Then he hit me with the big one: “Ken, I’m going to give you some coloured pencils and I would like you to draw me a picture of a man.” I began to panic. Fear froze me. I couldn’t draw a straight line, let alone a picture of a man. He told me he was going to leave the room and come back in about 10 minutes. He left. I wanted to jump out the window. I had no idea why this guy wanted me to draw a picture of a man. What had I done? Why was this happening to me?

I did know one thing: the results of my artistic endeavors were going to be very very important to my future. A pass or fail on my drawing would no doubt be the catalyst for something great or terrible. I picked up the green pencil, then the red, followed by blue and yellow. My brush-cut head was wet from sweat, and my fingers sore from squeezing the pencil so hard. My little brain was roaring at 1000 MPH.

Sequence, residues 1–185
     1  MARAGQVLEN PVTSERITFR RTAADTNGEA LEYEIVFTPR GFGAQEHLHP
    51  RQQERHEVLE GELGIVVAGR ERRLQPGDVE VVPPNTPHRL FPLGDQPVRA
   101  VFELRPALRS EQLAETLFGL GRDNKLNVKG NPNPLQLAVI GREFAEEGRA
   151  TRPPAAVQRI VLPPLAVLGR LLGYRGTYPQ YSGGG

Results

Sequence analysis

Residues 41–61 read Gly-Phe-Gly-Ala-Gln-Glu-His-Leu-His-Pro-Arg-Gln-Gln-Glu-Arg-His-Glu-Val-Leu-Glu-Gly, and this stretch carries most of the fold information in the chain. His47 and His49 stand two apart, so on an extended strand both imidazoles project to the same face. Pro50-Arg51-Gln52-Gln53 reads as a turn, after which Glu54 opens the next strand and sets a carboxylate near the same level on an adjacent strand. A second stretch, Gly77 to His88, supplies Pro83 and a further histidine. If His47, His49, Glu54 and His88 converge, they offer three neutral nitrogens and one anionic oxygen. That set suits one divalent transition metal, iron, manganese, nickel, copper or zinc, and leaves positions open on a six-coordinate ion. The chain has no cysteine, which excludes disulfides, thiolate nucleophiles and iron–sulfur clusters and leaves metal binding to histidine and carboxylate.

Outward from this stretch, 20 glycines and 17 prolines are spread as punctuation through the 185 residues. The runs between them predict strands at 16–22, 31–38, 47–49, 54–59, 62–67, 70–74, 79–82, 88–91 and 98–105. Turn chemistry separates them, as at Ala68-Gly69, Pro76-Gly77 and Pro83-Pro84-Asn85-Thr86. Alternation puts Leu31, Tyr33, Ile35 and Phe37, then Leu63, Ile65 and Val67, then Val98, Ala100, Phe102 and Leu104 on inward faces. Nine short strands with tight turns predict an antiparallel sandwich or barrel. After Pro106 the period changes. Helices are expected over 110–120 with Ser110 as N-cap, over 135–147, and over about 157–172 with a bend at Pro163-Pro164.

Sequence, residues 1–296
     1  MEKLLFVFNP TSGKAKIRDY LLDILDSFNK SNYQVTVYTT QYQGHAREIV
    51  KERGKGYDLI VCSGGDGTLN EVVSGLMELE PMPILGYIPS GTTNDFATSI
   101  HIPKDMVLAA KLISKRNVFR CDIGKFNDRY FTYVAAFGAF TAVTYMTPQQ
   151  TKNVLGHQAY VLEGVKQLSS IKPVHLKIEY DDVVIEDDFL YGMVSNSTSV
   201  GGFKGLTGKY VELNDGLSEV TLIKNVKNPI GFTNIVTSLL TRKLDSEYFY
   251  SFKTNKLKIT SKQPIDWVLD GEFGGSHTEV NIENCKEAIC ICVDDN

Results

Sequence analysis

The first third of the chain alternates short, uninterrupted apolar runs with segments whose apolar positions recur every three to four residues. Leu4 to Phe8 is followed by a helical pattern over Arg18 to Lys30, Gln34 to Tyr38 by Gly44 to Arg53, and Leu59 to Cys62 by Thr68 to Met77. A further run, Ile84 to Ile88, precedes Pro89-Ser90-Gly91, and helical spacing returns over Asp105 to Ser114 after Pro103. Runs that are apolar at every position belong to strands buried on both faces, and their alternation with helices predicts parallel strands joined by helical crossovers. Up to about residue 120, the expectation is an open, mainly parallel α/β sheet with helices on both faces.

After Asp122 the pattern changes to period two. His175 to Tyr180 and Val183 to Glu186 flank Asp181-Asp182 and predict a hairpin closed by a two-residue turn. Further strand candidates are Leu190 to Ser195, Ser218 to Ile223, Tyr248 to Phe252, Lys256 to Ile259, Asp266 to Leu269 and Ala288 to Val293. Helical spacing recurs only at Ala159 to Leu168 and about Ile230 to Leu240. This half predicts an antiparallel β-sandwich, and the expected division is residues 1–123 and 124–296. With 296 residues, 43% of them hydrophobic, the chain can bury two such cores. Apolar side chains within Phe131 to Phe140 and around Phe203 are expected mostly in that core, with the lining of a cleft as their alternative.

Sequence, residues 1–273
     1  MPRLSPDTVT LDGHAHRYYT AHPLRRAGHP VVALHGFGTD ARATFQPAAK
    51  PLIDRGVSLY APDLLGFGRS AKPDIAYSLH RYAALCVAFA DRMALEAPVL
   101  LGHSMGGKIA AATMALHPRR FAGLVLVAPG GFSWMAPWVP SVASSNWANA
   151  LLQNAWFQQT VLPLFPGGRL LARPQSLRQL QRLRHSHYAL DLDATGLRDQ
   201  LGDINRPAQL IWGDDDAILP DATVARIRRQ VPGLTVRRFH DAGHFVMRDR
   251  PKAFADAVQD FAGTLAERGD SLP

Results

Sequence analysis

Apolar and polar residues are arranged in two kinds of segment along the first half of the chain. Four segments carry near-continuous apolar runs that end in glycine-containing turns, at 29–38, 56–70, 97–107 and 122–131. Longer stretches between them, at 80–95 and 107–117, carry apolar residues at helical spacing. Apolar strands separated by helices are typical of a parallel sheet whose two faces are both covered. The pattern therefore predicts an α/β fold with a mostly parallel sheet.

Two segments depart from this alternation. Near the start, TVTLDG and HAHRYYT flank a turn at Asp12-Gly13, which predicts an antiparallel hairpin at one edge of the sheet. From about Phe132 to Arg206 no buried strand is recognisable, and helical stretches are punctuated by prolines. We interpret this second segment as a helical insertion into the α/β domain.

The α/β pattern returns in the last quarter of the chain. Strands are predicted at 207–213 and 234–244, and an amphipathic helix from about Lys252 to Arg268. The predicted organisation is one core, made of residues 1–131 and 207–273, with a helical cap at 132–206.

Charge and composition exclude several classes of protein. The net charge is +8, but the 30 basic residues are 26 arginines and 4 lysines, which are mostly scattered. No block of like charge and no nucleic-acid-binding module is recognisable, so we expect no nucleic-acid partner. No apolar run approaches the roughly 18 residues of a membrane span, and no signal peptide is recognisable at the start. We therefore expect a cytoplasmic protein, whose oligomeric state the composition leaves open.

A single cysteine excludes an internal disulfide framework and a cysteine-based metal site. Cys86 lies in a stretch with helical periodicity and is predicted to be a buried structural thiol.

The door opened and back in came the doctor: “Well, how did we make out, Ken?”

“Okay, I guess,” I said, and I handed him my picture. A slow smile came across his face and then a soft chuckle. He put down the picture, looked me eye and said, “You know Ken, I don’t think there is anything wrong with you at all, you’re going to be just fine.”

The doctor was right. I’m 58 years old now. In 2005 I retired after 34 years with the RCMP [Royal Canadian Mounted Police] and now work for Yukon Department of Justice. And the picture? Well, I drew the Doctor: complete with his pipe, plaid jacket, glasses, and beard.

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Schooltime Story